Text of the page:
United States: EU-US Privacy Shield Released

Today, the U.S. Department of Commerce (DOC) released the full text of the new transatlantic data transfer agreement with the European Union (EU). The new framework, known as the EU-US Privacy Shield, was agreed to in early February following the EU Court of Justice ruling striking down the long-standing Safe Harbor Privacy Principles, which permitted U.S. companies to self-certify their adherence to seven EU privacy principles. The Privacy Shield provides greater protections for EU residents, detailed below. The same day, the European Commission released an adequacy decision, effectively giving its approval to the Privacy Shield, but, at the same, time calling for the United States to increase its domestic privacy protections.

Under the Privacy Shield, U.S. companies that transfer data to and from the EU will be required to implement a privacy policy that conforms to the privacy principles outlined in the Privacy Shield, to make such policies publicly available, and to annually recertify their compliance with the DOC. While a company's decision to self-certify its adherence to the Privacy Shield principles is initially voluntary, once it does so, its commitment is enforceable under U.S. law by either the Federal Trade Commission or the Department of Transportation, depending on which agency has jurisdiction over the company. The DOC will maintain and publish a listing of all companies that have self-certified their adherence to the Privacy Shield, as well as removing those that voluntarily withdraw, fail recertification or are found to be persistently noncompliant. In cases of persistent noncompliance, the DOC will maintain a list of those companies and the reasons for noncompliance.

In the interim period between the invalidation of the previous Safe Harbor agreement and the implementation of the new Privacy Shield, other means for data transfers between the United States and the EU have been permitted to continue. These include Standard Contractual Clauses and Binding Corporate Rules, which can still be used for personal data transfers to the United States. However, the working group of EU Data Protection Authorities charged with implementing the Privacy Shield have made clear that they intend to review whether these other means remain viable in light of the new protections provided by the Privacy Shield. This review is likely to take place in March.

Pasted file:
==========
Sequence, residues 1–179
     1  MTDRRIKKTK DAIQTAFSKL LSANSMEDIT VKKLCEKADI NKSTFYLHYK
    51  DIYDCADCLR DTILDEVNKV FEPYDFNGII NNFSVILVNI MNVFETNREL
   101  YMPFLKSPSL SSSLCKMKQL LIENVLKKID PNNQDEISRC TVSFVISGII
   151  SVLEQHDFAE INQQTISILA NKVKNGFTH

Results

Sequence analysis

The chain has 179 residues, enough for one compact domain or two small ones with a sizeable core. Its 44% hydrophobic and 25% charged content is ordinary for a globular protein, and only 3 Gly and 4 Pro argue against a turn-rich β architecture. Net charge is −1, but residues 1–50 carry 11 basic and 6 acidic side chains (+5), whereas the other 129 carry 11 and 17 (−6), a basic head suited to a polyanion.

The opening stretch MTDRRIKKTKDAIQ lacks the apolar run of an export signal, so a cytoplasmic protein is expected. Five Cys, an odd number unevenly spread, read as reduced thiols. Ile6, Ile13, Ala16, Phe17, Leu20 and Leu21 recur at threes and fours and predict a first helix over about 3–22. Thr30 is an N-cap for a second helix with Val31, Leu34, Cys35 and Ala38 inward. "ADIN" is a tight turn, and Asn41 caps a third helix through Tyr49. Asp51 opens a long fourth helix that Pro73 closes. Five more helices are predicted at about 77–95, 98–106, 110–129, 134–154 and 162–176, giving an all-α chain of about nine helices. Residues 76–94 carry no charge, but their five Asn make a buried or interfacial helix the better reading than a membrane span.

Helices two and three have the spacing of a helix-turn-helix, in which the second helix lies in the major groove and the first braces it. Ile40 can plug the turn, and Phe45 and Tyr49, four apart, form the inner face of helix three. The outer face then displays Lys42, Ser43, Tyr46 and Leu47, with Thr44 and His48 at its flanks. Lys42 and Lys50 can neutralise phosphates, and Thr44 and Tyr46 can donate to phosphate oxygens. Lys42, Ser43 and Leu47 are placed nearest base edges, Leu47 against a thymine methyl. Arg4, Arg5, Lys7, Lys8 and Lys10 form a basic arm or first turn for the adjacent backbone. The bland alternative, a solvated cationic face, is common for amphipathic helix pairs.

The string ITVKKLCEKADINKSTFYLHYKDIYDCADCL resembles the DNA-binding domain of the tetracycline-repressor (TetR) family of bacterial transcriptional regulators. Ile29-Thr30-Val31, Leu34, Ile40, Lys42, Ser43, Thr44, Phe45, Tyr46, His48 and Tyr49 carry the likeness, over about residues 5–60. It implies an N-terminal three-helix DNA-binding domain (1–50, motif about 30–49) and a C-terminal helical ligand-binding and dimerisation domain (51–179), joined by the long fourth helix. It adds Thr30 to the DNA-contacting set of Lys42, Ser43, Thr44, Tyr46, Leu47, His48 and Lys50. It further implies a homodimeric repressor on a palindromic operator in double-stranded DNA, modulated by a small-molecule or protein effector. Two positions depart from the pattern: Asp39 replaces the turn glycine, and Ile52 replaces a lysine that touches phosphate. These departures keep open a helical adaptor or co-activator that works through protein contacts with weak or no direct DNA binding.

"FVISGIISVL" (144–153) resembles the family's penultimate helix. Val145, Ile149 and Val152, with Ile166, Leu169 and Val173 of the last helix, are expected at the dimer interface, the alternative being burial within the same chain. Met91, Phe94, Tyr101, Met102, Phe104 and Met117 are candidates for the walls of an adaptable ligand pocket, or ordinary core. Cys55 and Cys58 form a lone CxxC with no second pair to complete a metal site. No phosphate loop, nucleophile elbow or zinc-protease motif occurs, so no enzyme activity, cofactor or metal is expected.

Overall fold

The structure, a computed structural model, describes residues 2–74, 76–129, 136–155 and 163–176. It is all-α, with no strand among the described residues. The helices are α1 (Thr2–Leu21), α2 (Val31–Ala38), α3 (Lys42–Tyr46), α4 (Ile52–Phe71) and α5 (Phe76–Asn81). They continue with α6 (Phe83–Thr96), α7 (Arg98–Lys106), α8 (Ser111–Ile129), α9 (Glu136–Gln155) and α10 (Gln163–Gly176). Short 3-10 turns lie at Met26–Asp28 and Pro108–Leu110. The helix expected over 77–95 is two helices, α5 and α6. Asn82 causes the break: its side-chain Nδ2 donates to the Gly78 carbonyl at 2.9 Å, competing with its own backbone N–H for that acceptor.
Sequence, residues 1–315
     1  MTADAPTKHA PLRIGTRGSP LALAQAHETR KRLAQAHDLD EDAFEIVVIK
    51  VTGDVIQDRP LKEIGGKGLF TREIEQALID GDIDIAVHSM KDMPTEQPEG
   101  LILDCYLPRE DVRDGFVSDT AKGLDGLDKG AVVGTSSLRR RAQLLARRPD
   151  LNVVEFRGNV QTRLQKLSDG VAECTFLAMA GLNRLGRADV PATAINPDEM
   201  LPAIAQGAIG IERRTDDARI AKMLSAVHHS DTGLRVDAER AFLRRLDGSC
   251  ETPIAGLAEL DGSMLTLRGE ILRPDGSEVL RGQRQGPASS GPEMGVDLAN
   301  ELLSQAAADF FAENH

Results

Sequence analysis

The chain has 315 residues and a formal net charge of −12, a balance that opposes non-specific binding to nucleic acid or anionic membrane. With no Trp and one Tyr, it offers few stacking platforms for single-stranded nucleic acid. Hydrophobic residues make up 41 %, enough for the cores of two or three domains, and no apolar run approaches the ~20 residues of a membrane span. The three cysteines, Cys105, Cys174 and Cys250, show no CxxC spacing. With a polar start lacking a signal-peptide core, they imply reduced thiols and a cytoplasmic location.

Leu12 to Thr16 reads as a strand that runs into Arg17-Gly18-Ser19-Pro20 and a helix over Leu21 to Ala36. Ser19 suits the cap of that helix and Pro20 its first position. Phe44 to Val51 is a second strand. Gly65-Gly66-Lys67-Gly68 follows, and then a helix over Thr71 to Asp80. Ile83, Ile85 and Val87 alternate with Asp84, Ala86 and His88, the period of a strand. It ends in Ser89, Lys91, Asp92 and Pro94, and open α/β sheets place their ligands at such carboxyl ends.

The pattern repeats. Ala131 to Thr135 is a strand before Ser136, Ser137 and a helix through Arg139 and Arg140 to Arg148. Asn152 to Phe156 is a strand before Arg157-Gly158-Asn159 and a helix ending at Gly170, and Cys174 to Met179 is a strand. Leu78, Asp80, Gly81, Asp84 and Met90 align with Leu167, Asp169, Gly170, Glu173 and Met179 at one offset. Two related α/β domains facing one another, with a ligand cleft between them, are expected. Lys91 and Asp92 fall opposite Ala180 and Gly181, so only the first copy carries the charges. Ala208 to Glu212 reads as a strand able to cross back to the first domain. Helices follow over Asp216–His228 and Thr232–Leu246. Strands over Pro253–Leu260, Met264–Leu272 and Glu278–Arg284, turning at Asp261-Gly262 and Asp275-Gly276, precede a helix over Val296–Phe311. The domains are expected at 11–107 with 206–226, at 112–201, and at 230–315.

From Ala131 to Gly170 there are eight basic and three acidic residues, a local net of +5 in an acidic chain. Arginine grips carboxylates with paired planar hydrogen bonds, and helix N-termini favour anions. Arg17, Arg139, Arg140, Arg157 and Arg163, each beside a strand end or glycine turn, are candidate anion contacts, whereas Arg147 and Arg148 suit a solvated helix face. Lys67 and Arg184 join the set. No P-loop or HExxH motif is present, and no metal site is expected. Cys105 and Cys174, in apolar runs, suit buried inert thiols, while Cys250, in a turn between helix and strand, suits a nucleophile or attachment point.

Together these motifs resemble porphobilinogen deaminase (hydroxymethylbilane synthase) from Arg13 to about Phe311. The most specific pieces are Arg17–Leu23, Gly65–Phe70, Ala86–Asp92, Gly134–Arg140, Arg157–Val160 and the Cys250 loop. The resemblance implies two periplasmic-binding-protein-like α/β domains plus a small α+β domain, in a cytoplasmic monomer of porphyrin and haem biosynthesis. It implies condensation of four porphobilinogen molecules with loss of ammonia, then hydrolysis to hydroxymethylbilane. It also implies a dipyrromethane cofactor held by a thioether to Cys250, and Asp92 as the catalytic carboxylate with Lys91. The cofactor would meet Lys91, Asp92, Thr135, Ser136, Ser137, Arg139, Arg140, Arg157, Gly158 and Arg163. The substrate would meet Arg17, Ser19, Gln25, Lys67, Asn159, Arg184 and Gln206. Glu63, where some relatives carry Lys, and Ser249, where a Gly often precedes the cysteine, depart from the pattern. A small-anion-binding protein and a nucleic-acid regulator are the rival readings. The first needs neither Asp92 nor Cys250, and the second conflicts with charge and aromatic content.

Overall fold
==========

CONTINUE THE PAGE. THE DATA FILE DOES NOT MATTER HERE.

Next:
Privacy Shield Principles

The Privacy Shield puts forward seven primary privacy principles, as well as 16 supplemental principles (collectively, the "Principles"). In order to rely on the Privacy Shield to effectuate transfers of personal data from the EU, a company must self-certify its adherence to the Principles to the DOC (or its designee). While decisions by companies to enter into the Privacy Shield are voluntary, compliance is compulsory: companies that self-certify to the DOC and publicly declare their commitment to adhere to the Principles must comply fully with the Principles.